"Considering how much of our socialization
and education depends on language, we cannot understand the culture of
Deaf people without understanding the educational system that controls
the Deaf individual's enculturation and linguistic development. To get
a true picture of that educational system, we must look at a brief history
of its evolution together with the development of American Sign Language.
In 1815 the Rev. Thomas Hopkins Gallaudet, a Protestant
minister from Connecticut, traveled to Europe to learn of methods of educating
deaf children. In 1817, he returned to the United States with a Deaf Frenchman,
Laurent Clerc, and together they established the first permanent school
for the deaf in Hartford, Connecticut. This seemingly benign event has
much to do with the development of American Sign Language as we see it
The fact that the American Asylum for the Education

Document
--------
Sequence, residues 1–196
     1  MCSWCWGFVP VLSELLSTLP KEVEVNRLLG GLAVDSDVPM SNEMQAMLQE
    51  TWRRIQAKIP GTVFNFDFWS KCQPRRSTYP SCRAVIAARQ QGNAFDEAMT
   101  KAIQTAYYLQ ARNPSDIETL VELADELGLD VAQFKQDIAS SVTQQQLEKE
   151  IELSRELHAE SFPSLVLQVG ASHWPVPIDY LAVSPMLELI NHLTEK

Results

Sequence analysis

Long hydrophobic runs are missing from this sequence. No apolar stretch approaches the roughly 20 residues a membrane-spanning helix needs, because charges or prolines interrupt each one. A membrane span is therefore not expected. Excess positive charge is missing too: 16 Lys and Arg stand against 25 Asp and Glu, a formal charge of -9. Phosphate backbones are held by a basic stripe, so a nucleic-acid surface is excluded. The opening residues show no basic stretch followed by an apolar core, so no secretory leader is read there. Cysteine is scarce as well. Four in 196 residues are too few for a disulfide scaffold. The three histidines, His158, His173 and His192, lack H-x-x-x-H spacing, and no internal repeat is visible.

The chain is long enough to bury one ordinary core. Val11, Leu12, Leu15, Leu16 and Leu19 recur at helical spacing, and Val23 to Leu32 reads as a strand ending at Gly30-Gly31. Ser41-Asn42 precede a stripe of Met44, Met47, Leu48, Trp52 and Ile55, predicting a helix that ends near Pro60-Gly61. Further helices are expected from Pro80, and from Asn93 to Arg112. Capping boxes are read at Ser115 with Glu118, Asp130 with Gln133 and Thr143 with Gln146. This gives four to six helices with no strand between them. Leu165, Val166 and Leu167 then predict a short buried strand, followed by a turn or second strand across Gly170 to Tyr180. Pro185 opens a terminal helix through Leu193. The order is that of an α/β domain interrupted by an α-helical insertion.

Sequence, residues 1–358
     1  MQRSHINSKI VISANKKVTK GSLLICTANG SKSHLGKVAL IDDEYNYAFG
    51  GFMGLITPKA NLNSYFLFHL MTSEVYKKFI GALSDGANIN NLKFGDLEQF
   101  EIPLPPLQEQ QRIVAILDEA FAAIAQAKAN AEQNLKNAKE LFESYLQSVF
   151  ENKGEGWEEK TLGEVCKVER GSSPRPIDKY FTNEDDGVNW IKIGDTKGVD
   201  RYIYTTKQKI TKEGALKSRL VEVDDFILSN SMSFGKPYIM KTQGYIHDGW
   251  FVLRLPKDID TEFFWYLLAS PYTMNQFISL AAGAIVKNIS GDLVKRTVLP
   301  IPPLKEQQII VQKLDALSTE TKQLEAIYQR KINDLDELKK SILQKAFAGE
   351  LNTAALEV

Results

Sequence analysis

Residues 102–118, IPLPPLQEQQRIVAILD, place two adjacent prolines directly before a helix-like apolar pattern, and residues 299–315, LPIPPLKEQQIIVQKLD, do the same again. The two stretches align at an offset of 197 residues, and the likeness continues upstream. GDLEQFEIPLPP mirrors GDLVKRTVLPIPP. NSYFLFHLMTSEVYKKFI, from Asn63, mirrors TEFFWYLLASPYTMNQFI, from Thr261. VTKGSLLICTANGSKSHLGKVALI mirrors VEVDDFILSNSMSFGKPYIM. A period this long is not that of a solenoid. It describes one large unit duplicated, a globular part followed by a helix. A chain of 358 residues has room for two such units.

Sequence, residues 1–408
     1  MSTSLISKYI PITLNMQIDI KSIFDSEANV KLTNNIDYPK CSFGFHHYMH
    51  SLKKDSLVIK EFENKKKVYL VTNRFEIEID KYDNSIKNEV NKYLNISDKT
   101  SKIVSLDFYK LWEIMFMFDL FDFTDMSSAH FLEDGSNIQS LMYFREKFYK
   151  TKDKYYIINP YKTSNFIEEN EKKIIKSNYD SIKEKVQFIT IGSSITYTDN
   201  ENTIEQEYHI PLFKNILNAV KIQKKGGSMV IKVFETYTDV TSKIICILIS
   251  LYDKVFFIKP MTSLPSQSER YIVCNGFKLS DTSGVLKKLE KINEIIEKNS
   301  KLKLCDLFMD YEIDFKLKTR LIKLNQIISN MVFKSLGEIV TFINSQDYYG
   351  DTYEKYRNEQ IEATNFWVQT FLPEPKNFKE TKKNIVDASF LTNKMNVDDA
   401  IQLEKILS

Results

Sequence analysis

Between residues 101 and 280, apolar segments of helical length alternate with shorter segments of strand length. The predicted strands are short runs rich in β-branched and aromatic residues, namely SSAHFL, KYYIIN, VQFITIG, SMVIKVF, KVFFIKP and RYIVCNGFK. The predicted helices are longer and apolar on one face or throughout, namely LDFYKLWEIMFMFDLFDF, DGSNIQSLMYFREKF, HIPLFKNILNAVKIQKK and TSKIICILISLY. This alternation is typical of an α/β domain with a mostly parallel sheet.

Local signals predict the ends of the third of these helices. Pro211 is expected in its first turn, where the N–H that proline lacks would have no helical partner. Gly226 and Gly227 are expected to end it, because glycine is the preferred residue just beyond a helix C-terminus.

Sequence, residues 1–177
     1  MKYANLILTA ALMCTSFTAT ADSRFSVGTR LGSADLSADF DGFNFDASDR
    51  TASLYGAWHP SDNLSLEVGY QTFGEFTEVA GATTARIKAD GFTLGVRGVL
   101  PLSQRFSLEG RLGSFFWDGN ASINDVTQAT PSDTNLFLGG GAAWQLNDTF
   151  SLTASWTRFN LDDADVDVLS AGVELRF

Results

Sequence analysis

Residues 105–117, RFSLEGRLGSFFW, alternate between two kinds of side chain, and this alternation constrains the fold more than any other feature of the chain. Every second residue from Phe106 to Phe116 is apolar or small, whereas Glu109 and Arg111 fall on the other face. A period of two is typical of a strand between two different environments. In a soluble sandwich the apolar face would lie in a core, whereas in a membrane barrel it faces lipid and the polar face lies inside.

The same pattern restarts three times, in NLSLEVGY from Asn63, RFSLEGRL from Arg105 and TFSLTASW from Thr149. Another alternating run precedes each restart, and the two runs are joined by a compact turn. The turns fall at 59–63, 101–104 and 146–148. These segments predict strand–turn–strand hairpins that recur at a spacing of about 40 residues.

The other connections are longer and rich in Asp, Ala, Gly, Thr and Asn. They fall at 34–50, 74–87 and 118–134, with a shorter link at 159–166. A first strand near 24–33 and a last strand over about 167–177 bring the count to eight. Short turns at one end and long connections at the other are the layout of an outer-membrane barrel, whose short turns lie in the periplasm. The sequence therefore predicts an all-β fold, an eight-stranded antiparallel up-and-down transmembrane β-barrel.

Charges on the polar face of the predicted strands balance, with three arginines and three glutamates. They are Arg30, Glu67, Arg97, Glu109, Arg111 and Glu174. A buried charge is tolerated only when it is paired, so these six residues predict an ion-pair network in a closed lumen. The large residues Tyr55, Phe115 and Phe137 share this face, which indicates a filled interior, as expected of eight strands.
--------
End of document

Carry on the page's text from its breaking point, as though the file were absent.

of the Deaf and Dumb (now the American School for the Deaf) in Hartford
was established as a residential school created a linguistic community
of Deaf people communicating in a visual mode. Laurent Clerc had taught
French Sign Language (FSL) to Gallaudet, and together they provided linguistic
role models for the students.
On this historical basis alone the French were
long credited with the establishment of ASL, and ASL was long thought wholly
derived from FSL. However, historical linguistic study, principally by
James Woodward (1978) and Woodward and Erting (1975), reveals that while
approximately 60 percent of today's ASL vocabulary can be traced to FSL
cognates, 40 percent cannot. This provides strong evidence that, while
the introduction of FSL and the existence of an environment conducive to
language development were pivotal in the development of modern day ASL,
there was some indigenous form of sign prior to that time."
-Susan Rutherford, Ph.D.